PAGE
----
South Australia’s state election in which the Liberals managed to oust Labor from power and the federal by-election outcome in Batman — where Labor’s Ged Kearney fended off a challenge from the Greens — will be a source of some reassurance to Australia’s major political parties.
While over the long term there has been a bleeding of support towards minor parties and protest movements, the abject failure of Nick Xenophon’s SA Best movement, which aimed to secure the balance of power in South Australia but ended up winning not a single seat, shows there are no guarantees for parties of populism or protest in the Australian political system.
There are plenty of reasons for voters to be unhappy about the conduct of established politics, but South Australia and, to some extent, Batman showed that for now, community disillusionment doesn’t necessarily convert to seats for radicals in parliament.
People are still willing to give the major parties a go.
Cory Bernardi’s Australian Conservatives secured a little over 3 per cent of the entire first preference vote for the lower house in SA. Xenophon’s party had 13.7 per cent and not enough in any seat to secure the representation it hoped would give it the balance of power in government. Xenophon, remember, quit federal politics to pursue this.
Over in Batman, the Melbourne seat which the Greens have been working for years to make its second seat in the House of Representatives, Labor won on a 55-45 two-party preferred margin — a relative smashing for a vote many expected would be a nail-biter.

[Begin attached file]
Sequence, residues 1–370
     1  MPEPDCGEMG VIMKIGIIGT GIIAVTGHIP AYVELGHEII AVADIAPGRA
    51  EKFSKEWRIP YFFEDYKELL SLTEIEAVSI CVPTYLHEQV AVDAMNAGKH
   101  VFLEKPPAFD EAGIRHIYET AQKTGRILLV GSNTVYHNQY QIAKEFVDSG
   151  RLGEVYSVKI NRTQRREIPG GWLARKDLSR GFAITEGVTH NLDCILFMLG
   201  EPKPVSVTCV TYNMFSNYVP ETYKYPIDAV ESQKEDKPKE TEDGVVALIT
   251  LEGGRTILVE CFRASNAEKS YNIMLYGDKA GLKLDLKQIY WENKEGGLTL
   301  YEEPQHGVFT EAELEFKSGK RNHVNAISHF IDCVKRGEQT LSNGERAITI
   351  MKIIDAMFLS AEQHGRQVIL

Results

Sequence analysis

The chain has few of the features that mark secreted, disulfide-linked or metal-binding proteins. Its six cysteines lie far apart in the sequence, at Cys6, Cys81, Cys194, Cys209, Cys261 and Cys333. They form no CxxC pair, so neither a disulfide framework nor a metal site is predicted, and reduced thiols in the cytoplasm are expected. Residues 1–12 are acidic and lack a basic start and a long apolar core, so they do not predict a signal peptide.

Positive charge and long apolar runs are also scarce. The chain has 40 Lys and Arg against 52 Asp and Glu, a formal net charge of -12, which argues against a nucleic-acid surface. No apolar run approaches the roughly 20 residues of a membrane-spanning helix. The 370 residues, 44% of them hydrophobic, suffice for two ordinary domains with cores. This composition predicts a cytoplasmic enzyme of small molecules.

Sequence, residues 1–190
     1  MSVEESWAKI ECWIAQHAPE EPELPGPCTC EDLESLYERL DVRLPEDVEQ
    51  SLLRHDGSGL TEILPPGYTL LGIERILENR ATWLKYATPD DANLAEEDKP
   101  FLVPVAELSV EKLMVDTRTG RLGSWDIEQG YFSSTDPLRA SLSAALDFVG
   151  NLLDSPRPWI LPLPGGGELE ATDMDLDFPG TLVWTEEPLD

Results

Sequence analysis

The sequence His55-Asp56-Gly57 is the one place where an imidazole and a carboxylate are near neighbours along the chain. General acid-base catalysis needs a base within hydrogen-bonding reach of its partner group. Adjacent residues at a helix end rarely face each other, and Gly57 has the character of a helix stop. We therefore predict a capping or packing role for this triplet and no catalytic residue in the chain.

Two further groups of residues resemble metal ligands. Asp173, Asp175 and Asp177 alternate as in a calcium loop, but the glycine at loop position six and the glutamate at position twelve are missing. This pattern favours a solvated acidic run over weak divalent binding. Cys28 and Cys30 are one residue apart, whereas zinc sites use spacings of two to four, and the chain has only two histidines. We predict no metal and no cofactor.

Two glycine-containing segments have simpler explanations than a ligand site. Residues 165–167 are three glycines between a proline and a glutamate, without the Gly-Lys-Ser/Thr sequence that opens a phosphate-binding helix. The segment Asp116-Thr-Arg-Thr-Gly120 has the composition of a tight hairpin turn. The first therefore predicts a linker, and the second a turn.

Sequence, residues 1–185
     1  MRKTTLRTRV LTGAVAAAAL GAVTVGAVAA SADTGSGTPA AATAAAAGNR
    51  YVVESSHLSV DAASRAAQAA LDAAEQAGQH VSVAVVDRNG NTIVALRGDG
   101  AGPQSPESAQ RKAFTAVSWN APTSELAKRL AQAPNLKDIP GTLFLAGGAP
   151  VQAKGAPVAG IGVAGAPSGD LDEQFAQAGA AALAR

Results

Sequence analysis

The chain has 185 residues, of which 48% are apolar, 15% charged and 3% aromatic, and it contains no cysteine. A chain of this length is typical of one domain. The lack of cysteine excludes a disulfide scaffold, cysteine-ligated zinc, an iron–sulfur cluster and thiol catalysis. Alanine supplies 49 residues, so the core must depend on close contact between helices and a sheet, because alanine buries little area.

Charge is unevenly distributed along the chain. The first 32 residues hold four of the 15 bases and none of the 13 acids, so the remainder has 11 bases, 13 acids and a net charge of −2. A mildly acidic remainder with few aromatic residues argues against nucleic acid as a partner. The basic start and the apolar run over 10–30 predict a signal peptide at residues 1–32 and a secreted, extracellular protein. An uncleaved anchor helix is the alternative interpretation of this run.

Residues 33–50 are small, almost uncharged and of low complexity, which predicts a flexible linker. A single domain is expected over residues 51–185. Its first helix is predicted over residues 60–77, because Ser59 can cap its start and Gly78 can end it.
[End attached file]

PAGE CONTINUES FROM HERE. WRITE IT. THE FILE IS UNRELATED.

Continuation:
The Greens campaign in Batman, where candidate Alex Bhathal was effectively kneecapped by her own side by leakings of internal bullying complaints against her, showed the party still has not decided if it is a protest movement that holds around 10% of the national vote or a party of influence that can command something more like 20% support. As long as that tension remains the Greens are likely to languish on the fringes of Australian politics, especially if these internal tensions continue to blow up in public.
Like the state election in Tasmania earlier this month where the Jacqui Lambie Network managed to secure only 3.2% of the vote and the Liberals retained power, these are hardly results that suggest Australians are ready to upend the political order.
It may give the major parties pause for thought if they are thinking of charging down a populist path ahead of the next election.
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